It took physicists 43 years to detect evidence of gravitational redshift. This discovery came in 1959, when researchers measured the gravitational redshift in gamma-ray light emitted in a lab here on Earth.

"This was a groundbreaking experiment," Wojtak said.

Other studies confirmed the effect in the sun and in small nearby stars called white dwarfs. Yet no one had managed to detect a proof of this prediction of general relativity on the cosmic scale, until now.

"In our work we present for the first time the same effect but on a scale which is many orders of magnitude larger," Wojtak told LiveScience. "This is the only general relativistic effect which has been observed and confirmed locally on the Earth and on the scale corresponding to the universe. We have a link between our local scale of the Earth and galaxy clusters."

Alternative theories

The findings further support the already well-entrenched general theory of relativity, which has been successful in predicting many cosmic phenomena observed throughout the universe.

Yet there are still competing theories that have been proposed in recent years to accommodate the strange discovery that the universe seems to contain much more mass than simply the visible matter we can see, and that the cosmos seems to be accelerating in its expansion, propelled by an unknown force.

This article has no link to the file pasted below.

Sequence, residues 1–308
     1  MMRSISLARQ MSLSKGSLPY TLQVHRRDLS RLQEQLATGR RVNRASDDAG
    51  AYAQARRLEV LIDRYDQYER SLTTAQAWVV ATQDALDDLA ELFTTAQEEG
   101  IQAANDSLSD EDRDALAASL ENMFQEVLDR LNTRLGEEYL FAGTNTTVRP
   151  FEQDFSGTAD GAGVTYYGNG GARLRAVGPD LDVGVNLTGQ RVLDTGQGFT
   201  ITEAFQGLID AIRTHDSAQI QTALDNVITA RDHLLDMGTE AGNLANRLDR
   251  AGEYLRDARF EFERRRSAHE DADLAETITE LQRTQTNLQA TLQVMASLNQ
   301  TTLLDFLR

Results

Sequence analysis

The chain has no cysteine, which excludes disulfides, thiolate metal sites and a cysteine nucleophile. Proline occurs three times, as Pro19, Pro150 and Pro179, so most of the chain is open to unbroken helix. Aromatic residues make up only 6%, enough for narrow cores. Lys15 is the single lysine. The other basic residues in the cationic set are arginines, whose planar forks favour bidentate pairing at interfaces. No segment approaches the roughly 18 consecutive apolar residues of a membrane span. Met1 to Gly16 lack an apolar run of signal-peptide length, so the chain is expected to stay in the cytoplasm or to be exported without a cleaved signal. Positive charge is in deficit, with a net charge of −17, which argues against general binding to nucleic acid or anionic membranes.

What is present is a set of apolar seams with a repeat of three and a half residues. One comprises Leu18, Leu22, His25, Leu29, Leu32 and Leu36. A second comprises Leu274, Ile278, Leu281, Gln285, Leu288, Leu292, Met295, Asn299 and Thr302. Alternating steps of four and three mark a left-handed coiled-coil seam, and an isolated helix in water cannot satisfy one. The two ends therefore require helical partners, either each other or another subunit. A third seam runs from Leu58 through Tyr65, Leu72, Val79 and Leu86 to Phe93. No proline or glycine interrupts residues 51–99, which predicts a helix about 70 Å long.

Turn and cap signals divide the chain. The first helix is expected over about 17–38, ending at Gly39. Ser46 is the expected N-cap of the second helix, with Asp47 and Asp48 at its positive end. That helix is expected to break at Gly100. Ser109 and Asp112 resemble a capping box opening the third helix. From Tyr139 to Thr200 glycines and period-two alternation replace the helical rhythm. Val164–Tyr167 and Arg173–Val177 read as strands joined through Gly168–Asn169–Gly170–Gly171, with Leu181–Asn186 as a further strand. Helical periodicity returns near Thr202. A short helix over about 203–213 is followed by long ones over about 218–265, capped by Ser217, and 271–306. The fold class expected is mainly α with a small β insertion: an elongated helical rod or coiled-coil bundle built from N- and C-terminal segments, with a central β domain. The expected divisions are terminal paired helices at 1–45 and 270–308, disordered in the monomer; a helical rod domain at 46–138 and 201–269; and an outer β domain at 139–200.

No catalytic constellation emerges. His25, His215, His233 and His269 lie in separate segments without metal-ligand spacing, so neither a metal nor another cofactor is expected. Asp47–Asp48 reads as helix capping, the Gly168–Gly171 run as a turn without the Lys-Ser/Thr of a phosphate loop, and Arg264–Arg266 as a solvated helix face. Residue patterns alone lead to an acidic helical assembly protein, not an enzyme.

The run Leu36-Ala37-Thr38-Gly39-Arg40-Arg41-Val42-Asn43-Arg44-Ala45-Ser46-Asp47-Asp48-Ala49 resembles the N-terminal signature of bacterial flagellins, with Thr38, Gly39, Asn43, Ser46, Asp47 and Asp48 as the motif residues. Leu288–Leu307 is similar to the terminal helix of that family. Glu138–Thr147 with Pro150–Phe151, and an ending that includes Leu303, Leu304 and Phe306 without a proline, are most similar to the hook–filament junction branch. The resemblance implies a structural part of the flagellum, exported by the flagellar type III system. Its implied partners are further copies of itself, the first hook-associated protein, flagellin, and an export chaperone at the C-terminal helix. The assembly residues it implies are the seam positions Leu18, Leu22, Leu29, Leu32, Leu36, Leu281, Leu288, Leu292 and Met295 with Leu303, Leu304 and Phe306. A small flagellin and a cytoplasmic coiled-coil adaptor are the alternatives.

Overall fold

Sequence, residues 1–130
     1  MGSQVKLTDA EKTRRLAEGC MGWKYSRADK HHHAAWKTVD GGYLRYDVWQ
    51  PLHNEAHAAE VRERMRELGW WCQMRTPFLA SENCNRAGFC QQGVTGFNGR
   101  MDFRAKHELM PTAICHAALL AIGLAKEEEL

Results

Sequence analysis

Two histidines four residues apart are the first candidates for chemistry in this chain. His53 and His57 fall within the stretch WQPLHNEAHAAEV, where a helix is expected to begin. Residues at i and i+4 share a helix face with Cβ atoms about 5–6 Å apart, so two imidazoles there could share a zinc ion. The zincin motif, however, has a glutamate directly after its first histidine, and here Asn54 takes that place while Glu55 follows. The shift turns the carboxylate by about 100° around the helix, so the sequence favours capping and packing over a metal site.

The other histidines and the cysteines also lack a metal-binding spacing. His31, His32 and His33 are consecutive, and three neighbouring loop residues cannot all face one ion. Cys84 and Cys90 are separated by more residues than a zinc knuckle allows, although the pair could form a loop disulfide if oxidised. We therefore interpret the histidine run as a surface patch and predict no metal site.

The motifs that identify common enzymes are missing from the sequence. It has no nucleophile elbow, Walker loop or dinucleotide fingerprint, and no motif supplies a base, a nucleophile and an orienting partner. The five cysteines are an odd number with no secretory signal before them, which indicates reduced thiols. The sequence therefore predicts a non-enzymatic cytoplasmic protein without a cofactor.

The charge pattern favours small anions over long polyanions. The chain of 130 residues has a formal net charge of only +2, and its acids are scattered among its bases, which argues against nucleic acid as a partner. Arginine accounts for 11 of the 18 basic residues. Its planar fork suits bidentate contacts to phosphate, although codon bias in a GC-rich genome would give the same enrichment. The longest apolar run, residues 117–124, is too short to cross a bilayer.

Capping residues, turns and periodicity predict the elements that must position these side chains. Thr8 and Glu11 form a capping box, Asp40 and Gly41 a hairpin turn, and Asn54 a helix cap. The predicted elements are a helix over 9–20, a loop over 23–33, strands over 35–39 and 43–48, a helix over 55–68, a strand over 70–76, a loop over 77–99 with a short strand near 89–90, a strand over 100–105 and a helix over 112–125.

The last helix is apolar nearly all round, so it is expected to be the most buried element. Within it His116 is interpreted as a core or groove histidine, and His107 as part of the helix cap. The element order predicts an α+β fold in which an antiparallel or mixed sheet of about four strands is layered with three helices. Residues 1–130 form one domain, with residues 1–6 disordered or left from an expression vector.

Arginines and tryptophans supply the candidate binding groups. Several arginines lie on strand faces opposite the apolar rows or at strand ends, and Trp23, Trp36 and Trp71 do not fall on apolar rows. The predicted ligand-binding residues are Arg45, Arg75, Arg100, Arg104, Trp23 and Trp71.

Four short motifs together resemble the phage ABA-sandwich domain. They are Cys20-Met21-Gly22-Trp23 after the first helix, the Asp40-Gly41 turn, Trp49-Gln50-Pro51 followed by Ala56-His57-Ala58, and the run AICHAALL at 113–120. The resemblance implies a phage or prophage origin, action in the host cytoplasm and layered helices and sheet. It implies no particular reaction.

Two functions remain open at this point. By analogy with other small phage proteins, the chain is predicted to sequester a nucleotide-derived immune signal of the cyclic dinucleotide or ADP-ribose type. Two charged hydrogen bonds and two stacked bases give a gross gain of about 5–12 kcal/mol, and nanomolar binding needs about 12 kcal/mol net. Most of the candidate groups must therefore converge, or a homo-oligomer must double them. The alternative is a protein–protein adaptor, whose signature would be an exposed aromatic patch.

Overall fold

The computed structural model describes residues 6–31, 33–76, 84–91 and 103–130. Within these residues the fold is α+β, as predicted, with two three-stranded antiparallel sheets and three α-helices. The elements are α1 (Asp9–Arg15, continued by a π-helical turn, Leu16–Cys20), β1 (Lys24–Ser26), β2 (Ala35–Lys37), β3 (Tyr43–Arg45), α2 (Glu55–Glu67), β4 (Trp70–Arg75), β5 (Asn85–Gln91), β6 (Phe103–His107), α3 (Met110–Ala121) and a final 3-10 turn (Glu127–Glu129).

Within the framework of general relativity, scientists have invented concepts called dark matter and dark energy, respectively, to deal with these problems. But some researchers say these bizarre inventions aren't necessary if we simply tweak general relativity itself.

One such competing theory is called the f(R) theory. This model, too, agrees with Wojtak and his colleagues' new measurements. However, another alternative theory, called Tensor–vector–scalar gravity (TeVeS), does conflict with the new findings. To preserve the theory, physicists would have to make some changes. [Video: Dark Matter in 3-D]

Ultimately, as more data is gathered about distant galaxies, such cosmic measurements should become even more accurate, and physicists may be able to distinguish better between the competing models.

"Discussions of gravity's properties will continue, but Wojtak and colleagues' pioneering work gives a glimpse of the potential of new cosmological tests for achieving higher precision when millions of galaxy redshifts, from which gravitational redshifts can be extracted, become available in the future," physicist Gary Wegner of Dartmouth College in New Hampshire, who was not involved in the new research, wrote in an accompanying essay in the same issue of Nature.

You can follow LiveScience senior writer Clara Moskowitz on Twitter @ClaraMoskowitz.Follow LiveScience for the latest in science news and discoveries on Twitter @livescience and on Facebook.

Clara Moskowitz
Clara has a bachelor's degree in astronomy and physics from Wesleyan University, and a graduate certificate in science writing from the University of California, Santa Cruz. She has written for both and Live Science.